Calcium accumulation in the aortic valve is a hallmark of aortic sclerosis and aortic stenosis. Because lipoproteins, angiotensin-converting enzyme, and angiotensin II colocalize with calcium in aortic valve lesions, we hypothesized an association between angiotensin-converting enzyme inhibitor (ACEI) use and lowered aortic valve calcium (AVC) accumulation, as measured by electron beam computed tomography.
Rates of change in volumetric AVC scores were determined retrospectively for 123 patients who had undergone 2 serial electron beam computed tomographic scans. The mean (±SD) interscan interval was 2.5 (±1.7) years; 80 patients did not receive ACEIs and 43 received ACEIs. The relationship of ACEI use to median rates of AVC score change (both unadjusted and adjusted for baseline AVC scores and coronary heart disease risk factors) was determined. We also examined the relationship of ACEI use to the likelihood of and adjusted odds ratio for definite progression (AVC change >2 times the median interscan variability).
Unadjusted and adjusted median rates of AVC score change were significantly higher in the no-ACEI group than in the ACEI group (adjusted median AVC changes [95% confidence interval]: relative, 28.7%/y [18.9%-38.5%/y] vs 11.0%/y [−1.9% to 24.0%/y], P = .04; absolute: 25.1/y [19.7-30.5/y] vs 12.2/y [4.5-19.9/y], P = .02). The adjusted odds ratio (95% confidence interval) for definite AVC progression was significantly lower for patients who received ACEIs (0.29 [0.11-0.75], P = .01).
This retrospective study finds a significant association between ACEI use and a lower rate of AVC accumulation. The results support the need for prospective, randomized trials of ACEIs in calcific aortic valve disease.
Although calcific aortic valve disease is common in elderly individuals, there currently are no medical therapies that have been shown, in prospective, randomized trials, to slow its progression.Calcific aortic valve disease includes aortic sclerosis, in which the aortic valve is calcified but does not obstruct left ventricular outflow, and aortic stenosis, in which obstruction to left ventricular outflow is present.1- 2 Aortic sclerosis has a prevalence of 25% in patients older than 65 years3 and has been associated with a 50% increase in risk for cardiovascular mortality.4 Aortic stenosis carries an 80% 5-year risk of heart failure, valve replacement, or death.5
Histopathological studies now have demonstrated that aortic valvular disease is an active process, in which inflammation,6- 8 lipoprotein deposition,9- 10 molecular mediators of calcification,11- 12 and matrix metalloproteinases13- 15 all may participate. Recently, electron beam computed tomography (EBT) has been established as a highly reproducible method for quantifying aortic valve calcium (AVC).16- 17 Recent studies have used EBT to demonstrate associations between elevated low-density lipoprotein levels and an increased rate of AVC accumulation18 and between statin use and a lower rate of AVC accumulation.19 Increased EBT AVC score also has been shown to correlate with an increased likelihood of the presence of aortic stenosis20- 21 and to independently predict clinical events in patients with aortic stenosis.21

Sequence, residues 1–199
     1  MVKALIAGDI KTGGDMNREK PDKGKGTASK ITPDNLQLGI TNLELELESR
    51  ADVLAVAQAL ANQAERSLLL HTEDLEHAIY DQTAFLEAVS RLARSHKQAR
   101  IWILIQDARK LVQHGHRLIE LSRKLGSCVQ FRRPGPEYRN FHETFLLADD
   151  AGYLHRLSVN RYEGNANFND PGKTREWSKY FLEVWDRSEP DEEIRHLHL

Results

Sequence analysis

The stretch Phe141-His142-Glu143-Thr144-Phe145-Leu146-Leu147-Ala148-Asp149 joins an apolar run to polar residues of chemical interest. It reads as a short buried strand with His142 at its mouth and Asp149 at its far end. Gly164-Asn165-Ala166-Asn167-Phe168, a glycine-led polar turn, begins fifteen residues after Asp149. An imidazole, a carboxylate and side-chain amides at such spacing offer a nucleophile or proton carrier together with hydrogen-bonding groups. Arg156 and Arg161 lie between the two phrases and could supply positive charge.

Because of the recent demonstration that angiotensin-converting enzyme (ACE) is present in aortic valve lesions,22 we hypothesized that ACE inhibitor (ACEI) use also might be associated with a lower rate of AVC accumulation, as assessed by serial EBT.The present study retrospectively examined the relationship between ACEI use and rates of AVC accumulation in 123 patients who had undergone serial EBT for coronary calcium screening. Rates of change also were compared after adjustment for differences in baseline AVC scores and after further adjustment for coronary heart disease (CHD) risk factors.
The study group consisted of 123 patients who had undergone 2 serial EBT scans and who had an AVC score by the volumetric method of 10 or greater on the initial image. Of these 123 patients, 65 had been included in a previous analysis of the relationship of statin use to rate of change in AVC scores.19 All patients were identified from a subset of 980 patients in the EBT database at Harbor-UCLA Medical Center, Torrance, Calif, who had undergone 2 serial EBTs for the purpose of coronary calcium screening. All patients were asymptomatic for coronary artery disease. The Harbor-UCLA institutional review board approved the research protocol, and all participants gave written, informed consent.
Information on the presence or absence of traditional cardiovascular risk factors, including hypertension, family history of premature coronary artery disease, hyperlipidemia, smoking, diabetes mellitus, and statin use, was obtained before the initial and follow-up EBT. Smoking was defined as the use of 10 or more cigarettes per day. Patients receiving insulin or oral hypoglycemic agents were classified as having diabetes mellitus. Patients were classified as having hypertension if they were receiving antihypertensive medications or had known, but untreated, hypertension (blood pressure >140/90 mm Hg). Hyperlipidemia was defined as use of cholesterol-lowering medication or, in the absence of such medication, as a total serum cholesterol level greater than 240 mg/dL. Patients were classified as receiving ACEIs if they were receiving an ACEI drug at the time of both the initial and follow-up EBT. The remaining patients were classified as “no ACEI”; none of the patients in this group was receiving an ACEI at the time of either scan. One patient received an angiotensin receptor type 1 antagonist. This patient was included in the ACEI group.